Before continuing, I should probably explain how this novella originated in the first place. Contrary to how most books are written, We Need to Do Something started as a screenplay. Back in 2019, I had lunch with a screenwriter friend of mine named Shane McKenzie, who convinced me to try writing my own script so we could send it to an indie production company that was supposedly hungry for original material. Despite not having any experience with screenwriting, I decided to try it out with this weird bathroom idea I’d been thinking about lately.
Living in Central Texas means we often receive tornado warnings on our phones, although literally experiencing a tornado is pretty uncommon. At least by us. Still, it’s better not to fuck with mother nature, right? So when the notifications do pop up, we seek shelter in our bathroom until the weather app tells us it’s safe again. It was during one of these nights that I tried to spook my family by asking them a simple question: What would happen if we got stuck in here, and nobody came to help us? My partner’s daughter immediately told me to shut up. All three of them acted unsettled by the question. I wasn’t expecting them to actually take my joke seriously, but witnessing their reaction was all the convincing I needed to know the premise would potentially respond well with an audience. At the very least, it would be a fun challenge to myself: Could I set an entire book within a bathroom? I’d previously written a novel primarily set inside a basement (Carnivorous Lunar Activities), so why not try a bathroom for the next one?
I already had this bathroom idea percolating before having lunch with my friend, but now it was all I could think about, because if we were going to send this script to an indie horror company, it was logical to assume they would prefer something that could be made with a low budget. I already knew this idea would be set in one room, with—at the very most—four characters. They’re going to love this! I thought, while spending several months banging out a script. I sent it to my friend, who forwarded it to the film company. Then several more months passed without a response (to this day, they have not emailed us back about it).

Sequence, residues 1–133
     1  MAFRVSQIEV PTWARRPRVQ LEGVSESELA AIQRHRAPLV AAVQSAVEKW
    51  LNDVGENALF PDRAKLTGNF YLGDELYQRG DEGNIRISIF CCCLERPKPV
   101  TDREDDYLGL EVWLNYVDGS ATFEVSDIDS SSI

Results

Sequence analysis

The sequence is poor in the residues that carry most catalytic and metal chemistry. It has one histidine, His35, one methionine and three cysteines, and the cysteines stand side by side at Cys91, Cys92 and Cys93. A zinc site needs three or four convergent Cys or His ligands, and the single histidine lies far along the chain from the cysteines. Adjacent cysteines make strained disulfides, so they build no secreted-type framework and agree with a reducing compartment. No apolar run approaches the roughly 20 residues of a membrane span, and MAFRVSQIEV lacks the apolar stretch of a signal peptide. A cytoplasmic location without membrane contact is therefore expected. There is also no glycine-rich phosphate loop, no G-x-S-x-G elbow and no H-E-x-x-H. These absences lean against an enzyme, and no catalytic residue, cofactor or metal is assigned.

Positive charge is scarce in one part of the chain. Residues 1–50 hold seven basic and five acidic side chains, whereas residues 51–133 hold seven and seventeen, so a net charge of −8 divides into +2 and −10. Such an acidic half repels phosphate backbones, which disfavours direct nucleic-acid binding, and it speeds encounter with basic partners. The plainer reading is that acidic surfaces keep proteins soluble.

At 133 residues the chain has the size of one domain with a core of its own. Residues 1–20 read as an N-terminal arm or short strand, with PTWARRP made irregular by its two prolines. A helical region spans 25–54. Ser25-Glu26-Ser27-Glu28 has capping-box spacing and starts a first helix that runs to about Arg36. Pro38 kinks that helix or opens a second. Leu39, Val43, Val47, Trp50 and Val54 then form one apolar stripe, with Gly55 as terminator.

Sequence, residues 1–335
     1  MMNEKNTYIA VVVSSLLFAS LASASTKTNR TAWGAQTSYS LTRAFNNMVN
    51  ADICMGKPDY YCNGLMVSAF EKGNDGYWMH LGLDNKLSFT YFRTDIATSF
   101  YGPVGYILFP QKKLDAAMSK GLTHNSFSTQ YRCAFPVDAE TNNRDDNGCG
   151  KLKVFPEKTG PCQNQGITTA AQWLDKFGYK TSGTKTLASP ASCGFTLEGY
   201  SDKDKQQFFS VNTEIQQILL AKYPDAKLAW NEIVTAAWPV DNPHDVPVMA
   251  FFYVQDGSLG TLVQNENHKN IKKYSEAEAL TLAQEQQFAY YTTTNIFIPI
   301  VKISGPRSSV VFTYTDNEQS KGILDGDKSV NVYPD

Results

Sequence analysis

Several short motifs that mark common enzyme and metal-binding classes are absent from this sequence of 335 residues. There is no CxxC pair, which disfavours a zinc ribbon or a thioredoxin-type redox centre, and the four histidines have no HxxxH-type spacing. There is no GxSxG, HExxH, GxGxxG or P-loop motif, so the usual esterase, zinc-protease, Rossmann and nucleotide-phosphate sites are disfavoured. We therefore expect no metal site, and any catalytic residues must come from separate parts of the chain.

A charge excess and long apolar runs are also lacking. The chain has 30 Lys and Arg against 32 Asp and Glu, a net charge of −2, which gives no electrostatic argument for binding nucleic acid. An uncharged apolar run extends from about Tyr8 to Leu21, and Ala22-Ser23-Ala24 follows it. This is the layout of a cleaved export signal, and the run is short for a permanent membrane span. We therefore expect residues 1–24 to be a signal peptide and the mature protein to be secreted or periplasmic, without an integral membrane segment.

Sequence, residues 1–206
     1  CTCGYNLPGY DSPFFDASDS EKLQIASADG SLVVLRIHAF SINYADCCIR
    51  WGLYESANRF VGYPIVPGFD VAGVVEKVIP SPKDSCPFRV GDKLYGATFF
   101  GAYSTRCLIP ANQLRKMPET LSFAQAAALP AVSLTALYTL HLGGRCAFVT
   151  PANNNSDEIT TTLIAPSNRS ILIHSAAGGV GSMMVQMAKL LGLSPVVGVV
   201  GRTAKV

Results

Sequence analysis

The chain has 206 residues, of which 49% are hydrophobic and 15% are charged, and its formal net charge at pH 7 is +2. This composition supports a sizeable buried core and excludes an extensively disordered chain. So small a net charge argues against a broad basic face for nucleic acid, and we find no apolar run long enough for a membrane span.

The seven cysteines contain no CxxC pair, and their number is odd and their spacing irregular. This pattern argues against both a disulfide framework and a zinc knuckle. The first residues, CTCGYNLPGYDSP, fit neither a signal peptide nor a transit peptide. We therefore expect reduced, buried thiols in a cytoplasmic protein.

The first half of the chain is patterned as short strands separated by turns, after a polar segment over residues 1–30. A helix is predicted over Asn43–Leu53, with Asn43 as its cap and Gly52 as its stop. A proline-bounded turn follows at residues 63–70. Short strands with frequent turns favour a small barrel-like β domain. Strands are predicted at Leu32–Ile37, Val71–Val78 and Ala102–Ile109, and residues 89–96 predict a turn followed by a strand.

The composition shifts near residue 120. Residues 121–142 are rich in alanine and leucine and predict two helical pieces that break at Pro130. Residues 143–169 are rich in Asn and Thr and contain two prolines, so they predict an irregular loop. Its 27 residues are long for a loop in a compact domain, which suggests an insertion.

When I first penned the screenplay, I did not have any representation. I wouldn’t hook up with Ryan Lewis (my film & TV manager/guardian angel) until January 2020. But I knew how to (sorta) sell books, so I decided I would just stick with where I was more comfortable. I grew impatient and rewrote the script as a novella. This ended up being a great move on my part, because the novella vastly improved from the original screenplay I wrote. For reference (I’m assuming you’ve at least read the book at this point), the original screenplay did not feature anything related to the supernatural. It also didn’t contain any romance elements between Melissa and Amy. When I look back at it now, the screenplay served as a great outline for the eventual novella. Once I finished the book, I sent it out to a couple literary agents, but due to the word length (36,000) nobody would even look at it. Agents don’t really care about novellas. They want novels with a minimum length of 60,000 words. This book didn’t stand a chance. So I sat on it for a couple months, unsure what to do with it.